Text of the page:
Woman in Bucha, Ukraine, desperately searches for missing husband
13:41 JST, May 25, 2022
BUCHA, Ukraine — Tuesday marked three months since Russia started its invasion of Ukraine. In the Kyiv suburb of Bucha, where many civilian bodies were found after the withdrawal of the occupying Russian forces, a woman is desperately looking for her husband, from whom she was separated on the first day of the invasion.
“I want to see him again,” said Galyna Mushta, 57, on Monday at her house in Bucha. She now spends many hours of her day gazing at the front door, hoping her husband Oleksandr might show up.
When the attacks started on Feb. 24, Oleksandr told Mushta and their son and his wife, who lived next door, to evacuate. Then, the 59-year-old left the house, saying, “I will join the territorial defense force.” His whereabouts since are unknown.
“Apparently he was turned down by the defense force because of his age,” said one acquaintance, while another said, “I saw him on the outskirts of the town on Feb. 26.”
Soon, attacks on Bucha intensified, and Mushta had to take refuge in an underground shelter at their house without being able to contact her husband. On March 6, she fled to Poland.
Mushta returned to Bucha in early April, soon after the withdrawal of the Russian troops. The town, previously filled with greenery, was in ruins. A street strewn with dead bodies was called the “street of death.”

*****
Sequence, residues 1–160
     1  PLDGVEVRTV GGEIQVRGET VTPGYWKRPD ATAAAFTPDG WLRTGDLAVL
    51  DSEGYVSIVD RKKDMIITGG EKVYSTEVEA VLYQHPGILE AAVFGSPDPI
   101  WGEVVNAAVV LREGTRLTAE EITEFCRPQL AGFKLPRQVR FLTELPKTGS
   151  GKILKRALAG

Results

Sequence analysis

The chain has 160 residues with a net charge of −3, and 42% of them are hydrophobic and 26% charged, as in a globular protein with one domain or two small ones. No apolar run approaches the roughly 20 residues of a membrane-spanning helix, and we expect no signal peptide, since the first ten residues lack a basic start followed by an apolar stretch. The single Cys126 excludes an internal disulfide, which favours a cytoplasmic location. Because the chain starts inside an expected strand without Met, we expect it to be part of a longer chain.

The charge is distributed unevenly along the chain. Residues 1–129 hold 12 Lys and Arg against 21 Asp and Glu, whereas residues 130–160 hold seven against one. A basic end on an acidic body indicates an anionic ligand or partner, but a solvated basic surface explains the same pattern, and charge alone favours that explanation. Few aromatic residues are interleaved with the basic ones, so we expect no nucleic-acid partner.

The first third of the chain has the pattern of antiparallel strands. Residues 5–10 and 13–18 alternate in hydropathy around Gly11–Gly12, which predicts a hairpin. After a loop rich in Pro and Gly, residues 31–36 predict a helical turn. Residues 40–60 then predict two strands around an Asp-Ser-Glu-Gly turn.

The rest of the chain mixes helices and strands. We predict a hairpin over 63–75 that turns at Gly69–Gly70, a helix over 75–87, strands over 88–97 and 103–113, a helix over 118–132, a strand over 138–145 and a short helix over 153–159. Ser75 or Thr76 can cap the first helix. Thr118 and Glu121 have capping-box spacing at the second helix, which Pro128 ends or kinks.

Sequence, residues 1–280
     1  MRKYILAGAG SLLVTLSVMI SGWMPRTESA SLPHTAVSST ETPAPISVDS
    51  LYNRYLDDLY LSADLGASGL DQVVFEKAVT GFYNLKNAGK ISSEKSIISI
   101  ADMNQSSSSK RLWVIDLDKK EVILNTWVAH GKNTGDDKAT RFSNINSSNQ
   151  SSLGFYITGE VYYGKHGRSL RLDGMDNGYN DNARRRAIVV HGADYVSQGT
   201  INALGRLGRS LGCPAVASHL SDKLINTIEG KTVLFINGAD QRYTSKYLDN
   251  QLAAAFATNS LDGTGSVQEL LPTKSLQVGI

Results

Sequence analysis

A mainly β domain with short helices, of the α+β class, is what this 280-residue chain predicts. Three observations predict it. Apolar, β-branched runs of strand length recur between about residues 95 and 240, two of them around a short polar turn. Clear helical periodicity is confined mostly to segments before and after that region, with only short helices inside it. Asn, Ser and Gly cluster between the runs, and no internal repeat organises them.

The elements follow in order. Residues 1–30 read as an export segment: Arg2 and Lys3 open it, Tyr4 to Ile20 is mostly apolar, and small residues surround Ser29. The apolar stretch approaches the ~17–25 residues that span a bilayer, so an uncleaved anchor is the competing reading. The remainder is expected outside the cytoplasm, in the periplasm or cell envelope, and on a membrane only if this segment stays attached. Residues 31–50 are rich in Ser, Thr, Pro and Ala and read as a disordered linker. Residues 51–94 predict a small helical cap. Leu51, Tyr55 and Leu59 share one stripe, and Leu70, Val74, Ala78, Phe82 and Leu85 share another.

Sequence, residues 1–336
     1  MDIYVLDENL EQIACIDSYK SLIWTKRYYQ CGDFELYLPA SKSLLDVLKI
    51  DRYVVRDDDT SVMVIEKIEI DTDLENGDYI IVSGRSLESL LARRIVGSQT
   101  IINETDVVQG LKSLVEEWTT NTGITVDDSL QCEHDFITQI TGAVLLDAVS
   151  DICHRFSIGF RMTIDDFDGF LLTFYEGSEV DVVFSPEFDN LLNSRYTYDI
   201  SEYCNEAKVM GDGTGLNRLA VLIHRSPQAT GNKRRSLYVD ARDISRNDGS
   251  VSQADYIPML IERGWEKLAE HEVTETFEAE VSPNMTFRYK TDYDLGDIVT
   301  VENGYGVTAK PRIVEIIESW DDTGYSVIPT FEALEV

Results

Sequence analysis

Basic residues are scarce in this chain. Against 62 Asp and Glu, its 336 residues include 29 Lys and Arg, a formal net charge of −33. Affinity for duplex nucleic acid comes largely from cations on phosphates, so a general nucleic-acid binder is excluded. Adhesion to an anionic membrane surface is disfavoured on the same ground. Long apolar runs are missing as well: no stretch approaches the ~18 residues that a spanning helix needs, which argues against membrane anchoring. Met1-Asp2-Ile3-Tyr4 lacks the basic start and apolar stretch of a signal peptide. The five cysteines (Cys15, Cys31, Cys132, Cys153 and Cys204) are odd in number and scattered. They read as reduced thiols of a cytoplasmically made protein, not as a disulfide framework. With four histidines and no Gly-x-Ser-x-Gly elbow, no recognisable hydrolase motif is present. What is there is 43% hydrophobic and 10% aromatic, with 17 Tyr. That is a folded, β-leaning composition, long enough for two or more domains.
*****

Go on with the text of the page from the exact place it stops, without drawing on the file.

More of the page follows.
Mushta first met Oleksandr about 40 years ago. He sat across the table from her at a party of a common friend. They hit it off, and married a month later. They were blessed with a son and a daughter.
Oleksandr worked for an electronics manufacturer before setting up his own business. He expanded his business to cover neighboring towns and villages.
“He is a strong-minded person who could accomplish everything on his own, trusted by everyone,” Mushta said.
On April 10, she found a clue that could lead to her husband. Oleksandr’s car could be seen in a video posted on a social media website where people share images and information about discovered bodies and their locations.
The place where his car was found was along a road on the outskirt of Bucha. Its windshield was broken and its tires were missing. There was a trench used by Russian soldiers in the vicinity, with items such as preserved food, camouflage clothing and sleeping bags scattered around.
No bloodstains were found inside the car, but the search area could not be widened because mines were likely to be buried around the area.
“He was obsessed with work, so I feel like he might still be working somewhere,” said Mushta.
Oleksandr had printed thousands of business cards for his work. Mushta wrote details including his date of birth on the back of the cards and has been handing them out in a search for information about him.
Recently, she started to visit morgues in Bucha. She also submitted DNA samples from herself and other family members to a hospital in Kyiv for matching with unidentified bodies.
Three months have passed since she last saw her husband. “I don’t want to give up, but the mental burden has been high,” Mushta said. “It’s all because of the war. Please let me see my husband again, no matter in what form.”
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